Yesterday’s ghastly attack at an Imambargah has again highlighted the agenda of the terror-mongers. They want to eliminate all the minorities, plurality of Pakistani population
DECLAN WALSH reporting from the Guardian in Islamabad
A SUICIDE blast ripped through a crowd outside a Shia mosque south of Islamabad yesterday, killing at least 22 people and wounding dozens more.
The explosion in Chakwal, 80km from the capital, happened as the country reeled from a weekend of renewed Taliban violence that underscored how the struggle for control of Pakistan is penetrating deeper into the country.
On Saturday night in Islamabad, a Taliban suicide bomber penetrated a paramilitary camp in a wealthy residential area, killing six soldiers and two civilians.
In Chakwal yesterday, a teenage boy dressed in black tried to force his way through a crowd of about 2,000 people gathered outside an Imambargah, or Shia place of worship. After security guards challenged him, he blew himself up.
The blast scattered body parts across a wide area outside the mosque. The Taliban claimed responsibility for the Islamabad blast while an affiliated group, Fedayeen al-Islam, claimed the second.
“This is very serious,” said Ayaz Amir, an MP for Chakwal, speaking by phone from a city hospital filled with badly wounded victims. “Now the war is coming to Punjab.” A spate of blasts during the past week in Punjab province, the heart of political and military power, and the appearance of a video tape showing the flogging under sharia law of a 17-year-old girl, have sharpened the public response to the Taliban threat.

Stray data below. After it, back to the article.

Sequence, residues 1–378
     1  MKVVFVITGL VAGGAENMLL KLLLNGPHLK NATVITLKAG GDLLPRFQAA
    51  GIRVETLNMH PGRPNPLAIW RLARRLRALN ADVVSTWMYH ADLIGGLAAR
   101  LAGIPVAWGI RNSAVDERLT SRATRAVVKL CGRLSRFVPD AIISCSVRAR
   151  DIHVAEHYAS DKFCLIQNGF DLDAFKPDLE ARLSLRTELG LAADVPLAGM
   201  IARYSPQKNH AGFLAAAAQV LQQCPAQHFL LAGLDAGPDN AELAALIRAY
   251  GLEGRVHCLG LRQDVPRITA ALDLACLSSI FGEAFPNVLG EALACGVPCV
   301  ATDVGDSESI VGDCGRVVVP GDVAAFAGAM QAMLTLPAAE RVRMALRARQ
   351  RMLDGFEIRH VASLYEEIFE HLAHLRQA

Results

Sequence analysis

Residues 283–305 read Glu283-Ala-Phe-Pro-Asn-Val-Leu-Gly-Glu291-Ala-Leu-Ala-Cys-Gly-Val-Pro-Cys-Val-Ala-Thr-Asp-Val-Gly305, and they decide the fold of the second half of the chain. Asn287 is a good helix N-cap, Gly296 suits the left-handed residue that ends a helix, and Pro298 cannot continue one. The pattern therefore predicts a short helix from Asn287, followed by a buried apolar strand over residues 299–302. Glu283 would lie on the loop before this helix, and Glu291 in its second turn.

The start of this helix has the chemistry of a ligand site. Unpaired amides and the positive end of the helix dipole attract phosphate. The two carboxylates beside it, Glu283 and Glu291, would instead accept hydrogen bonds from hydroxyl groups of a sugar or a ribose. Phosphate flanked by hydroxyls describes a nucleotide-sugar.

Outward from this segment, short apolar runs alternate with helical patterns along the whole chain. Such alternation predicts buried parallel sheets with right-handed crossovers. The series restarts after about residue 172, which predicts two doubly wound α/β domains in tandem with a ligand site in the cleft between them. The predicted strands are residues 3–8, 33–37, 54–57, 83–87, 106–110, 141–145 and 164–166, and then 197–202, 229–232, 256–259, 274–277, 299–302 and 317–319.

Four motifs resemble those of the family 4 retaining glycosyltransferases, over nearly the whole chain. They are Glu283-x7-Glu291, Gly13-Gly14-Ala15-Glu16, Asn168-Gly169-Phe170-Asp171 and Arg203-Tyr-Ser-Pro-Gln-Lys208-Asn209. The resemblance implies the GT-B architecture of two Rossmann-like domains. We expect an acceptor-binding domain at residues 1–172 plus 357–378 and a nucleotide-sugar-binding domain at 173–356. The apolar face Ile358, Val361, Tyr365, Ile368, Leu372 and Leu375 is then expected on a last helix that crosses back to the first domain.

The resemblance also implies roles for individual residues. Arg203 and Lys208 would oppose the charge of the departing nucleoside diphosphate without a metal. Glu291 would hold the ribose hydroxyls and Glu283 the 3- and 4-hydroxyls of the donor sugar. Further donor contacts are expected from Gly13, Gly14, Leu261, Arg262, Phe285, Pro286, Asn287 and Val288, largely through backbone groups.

Thousands took to the streets of Lahore to protest at the flogging, while spontaneous street protests erupted in Chakwal and Rawalpindi after the mosque attack.
“Something has changed,” said Raza Rumi, an analyst and blogger from Lahore. “Prior to the release of the video the right-wing media led people to believe the Taliban was a reaction to American drone attacks. Now a lot of people are scared.”
The attack in Chakwal underscored how sectarian and Taliban violence are becoming increasingly interlinked. A spokesman for Fedayeen al-Islam, a shadowy organisation linked to the Taliban and responsible for last September’s bombing of the Marriott hotel in Islamabad, said the bombing was part of a “campaign against infidels”.
The claim exposed the Sunni extremist mindset of the Taliban. “It would be wrong to call this a sectarian blast,” said Mr Amir. “This is a Taliban terrorist attack.”
Saturday’s bombing in Islamabad was the second attack in a fortnight on the capital’s security forces. Hakimullah, a Taliban commander in Orakzai tribal agency, claimed responsibility, saying it was in retaliation for US drone strikes in the tribal belt. He vowed to carry out two suicide bombings per week.
Courtesy Guardian service